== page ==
Modern Scandinavian Spey Casting. Focusing on the lift.

I have been working on starting my cast with my hands lower and to the side, slowing down my lift considerably, sweeping at an incline, extending my bottom hand arm, mellowing out on my forward cast, keeping my hands more in front of me, using less top hand and more bottom hand on the forward stroke to accelerate smoothly to a crisp stop. Very Occasionally I remember to do all of that in one cast. Like my 14 year old son Charlie says, “there’s a lot to remember.

In short I’m basically trying not to cast like my hair’s on fire…part of the time.

Sometimes I pull it off but if I’m not extremely focused from the very start to the very end of each cast cast I end up cutting corners during some integral phase of the procedure or at the very least hammering the forward cast too hard.

It’s an effort to slow myself down enough to forego some coveted repetitions in order to target the weak parts of my cast which is the lift because early on I failed to realize that the lift is just as important with short Scando heads as it is with long belly spey lines.

It begins with the hands low and to the side, with the body twisted towards the dangle, with my weight on my front foot and the upper torso canted forward.  The rod tip starts low without any slack in the line.  The rod is lifted slowly at an angle, not straight up and down.  There can be no rush once the weight of the line is felt in the hands. It must be smooth and blend seamlessly into the sweep. The correct lift is the beginning of letting the rod do the work and the foundation for a powerful and efficient cast.

6 thoughts on “Modern Scandinavian Spey Casting. Focusing on the lift.

  1. Correct me if I misrepresent you here, but I think its important for your readers to understand what is meant by your phrase “lifting the rod at an angle”. One potentially helpful way to describe it is from a particular perspective. For example, I (you?) could say that while the rod is being raised, it is oriented slightly outward while the tip top rises vertically from the surface when viewed by the caster as he looks downstream, but the rod tip also draws slightly upriver at the same time when viewed from shore because the upper section of the rod travels a greater distance than the butt section. Its a minor point, but possibly important to a reader.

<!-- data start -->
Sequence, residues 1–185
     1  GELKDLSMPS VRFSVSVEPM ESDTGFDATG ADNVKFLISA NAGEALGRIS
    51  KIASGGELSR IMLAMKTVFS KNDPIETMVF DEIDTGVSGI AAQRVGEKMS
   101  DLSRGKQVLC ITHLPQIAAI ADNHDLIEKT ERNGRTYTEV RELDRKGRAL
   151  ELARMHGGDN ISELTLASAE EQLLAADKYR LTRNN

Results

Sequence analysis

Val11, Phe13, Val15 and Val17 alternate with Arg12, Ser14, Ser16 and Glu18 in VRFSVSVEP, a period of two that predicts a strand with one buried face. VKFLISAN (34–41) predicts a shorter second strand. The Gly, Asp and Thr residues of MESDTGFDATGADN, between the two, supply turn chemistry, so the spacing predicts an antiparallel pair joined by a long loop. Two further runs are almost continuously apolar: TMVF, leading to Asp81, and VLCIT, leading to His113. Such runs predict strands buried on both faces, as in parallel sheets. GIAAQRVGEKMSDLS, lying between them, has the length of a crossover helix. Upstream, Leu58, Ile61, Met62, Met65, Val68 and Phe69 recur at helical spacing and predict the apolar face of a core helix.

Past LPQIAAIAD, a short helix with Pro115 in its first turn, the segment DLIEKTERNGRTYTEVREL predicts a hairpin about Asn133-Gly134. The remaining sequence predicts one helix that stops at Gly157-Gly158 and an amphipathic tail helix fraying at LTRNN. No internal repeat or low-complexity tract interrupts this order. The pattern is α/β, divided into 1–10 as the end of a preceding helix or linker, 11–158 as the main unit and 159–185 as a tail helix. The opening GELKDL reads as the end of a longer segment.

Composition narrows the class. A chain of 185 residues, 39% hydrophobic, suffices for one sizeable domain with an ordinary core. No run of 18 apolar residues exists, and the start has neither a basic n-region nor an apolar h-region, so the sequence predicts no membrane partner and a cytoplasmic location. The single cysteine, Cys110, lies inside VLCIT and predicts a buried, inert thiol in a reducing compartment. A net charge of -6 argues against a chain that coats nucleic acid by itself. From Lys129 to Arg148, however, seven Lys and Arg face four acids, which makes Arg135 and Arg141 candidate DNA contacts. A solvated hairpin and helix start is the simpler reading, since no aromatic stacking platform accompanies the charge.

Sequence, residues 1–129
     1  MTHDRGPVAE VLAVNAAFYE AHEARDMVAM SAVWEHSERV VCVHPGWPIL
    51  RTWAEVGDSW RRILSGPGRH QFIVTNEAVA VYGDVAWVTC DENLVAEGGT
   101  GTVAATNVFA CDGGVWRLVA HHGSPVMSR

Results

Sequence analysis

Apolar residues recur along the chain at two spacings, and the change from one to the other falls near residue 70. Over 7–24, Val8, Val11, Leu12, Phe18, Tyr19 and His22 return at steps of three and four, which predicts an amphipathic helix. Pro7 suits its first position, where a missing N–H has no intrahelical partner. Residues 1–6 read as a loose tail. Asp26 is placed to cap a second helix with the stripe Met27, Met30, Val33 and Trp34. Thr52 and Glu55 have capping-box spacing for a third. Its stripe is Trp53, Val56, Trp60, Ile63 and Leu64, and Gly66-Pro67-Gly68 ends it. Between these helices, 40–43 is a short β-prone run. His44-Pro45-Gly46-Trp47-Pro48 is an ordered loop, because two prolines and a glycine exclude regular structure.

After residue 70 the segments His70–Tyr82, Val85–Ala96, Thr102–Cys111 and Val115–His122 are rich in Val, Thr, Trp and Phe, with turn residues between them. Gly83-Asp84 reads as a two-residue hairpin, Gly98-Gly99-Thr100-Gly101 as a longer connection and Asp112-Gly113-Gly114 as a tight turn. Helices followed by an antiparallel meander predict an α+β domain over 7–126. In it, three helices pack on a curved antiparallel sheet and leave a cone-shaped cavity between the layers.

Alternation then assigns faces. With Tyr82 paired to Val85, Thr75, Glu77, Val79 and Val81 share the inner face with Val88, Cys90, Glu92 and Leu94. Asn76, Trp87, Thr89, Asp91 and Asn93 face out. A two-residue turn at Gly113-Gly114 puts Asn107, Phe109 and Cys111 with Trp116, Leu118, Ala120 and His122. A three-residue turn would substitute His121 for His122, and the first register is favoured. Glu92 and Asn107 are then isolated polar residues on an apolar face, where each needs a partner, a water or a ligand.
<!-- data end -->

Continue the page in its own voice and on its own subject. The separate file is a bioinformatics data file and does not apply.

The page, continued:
1. Thanks Greg for that clarification. I think sometimes its easy for beginners to think that the rod tip is lifted straight up pointing down stream before the sweep begins. Thank you for your contribution as always!

  2. Hi Tim, It is a pretty short head what you are using, but for longer ones you should try a Crescent Lift: instead of lifting the rod up you describe a sort of “C” towards your bank. That removes the whole line from the water prior to the sweep, so it helps in gaining control.


    1. Hey Aitor it is good to hear from you. As a matter of fact I did some filming of a Crescent lift today and will get the video up shortly. I will post the video next week or sooner and I would like to get your take on if I’m doing it correctly. I will say it is amazing for anchor placement! Greg Holt has been after me to play with it and the results are excellent. Thanks sir for logging in and commenting. It is very much appreciated!

  3. It looks pretty relaxed to me.

    In my own casting (which is certainly no better than yours) I can lift on an angle (slanting the lift out towards the center of the river) as long as the head is short enough to allow the entire working line to clear the water before it leaves the surface.

    However, when I cast “longer” heads (55 feet for me is “longer”) I have to lift vertically before rotating the hips and torso, otherwise too much line is still left in contact with the water and when it releases during the re-position, it lurches upriver rather than accelerating gradually, leaving line further from me without enough tension. The body recognizes this and attempts to “catch up”, causing all kinds of problems.

    Your overall description sounds great, and the proof of smoothness in the video supports that. If you “punch” your forward stroke more than what is necessary for the distance desired, its probably because you enjoy the feeling. I do too…

    What is the make-up of the head, tip, and leader and what is the rod, please? It would help me to understand whether the amount of movement is correctly proportioned to the tackle chosen.

    1. Thanks Greg, I appreciate the comment from a caster of your caliber! Scandi and Spey casting with a Beulah Classic 12’7″ Rod and Scandi short versitip with floating tip and my 13.6 Prototype rod, Scandi Short Body, 17′ floating tip. Varivas mono running line, due for a change!

Leave a Reply

Your email address will not be published. Required fields are marked *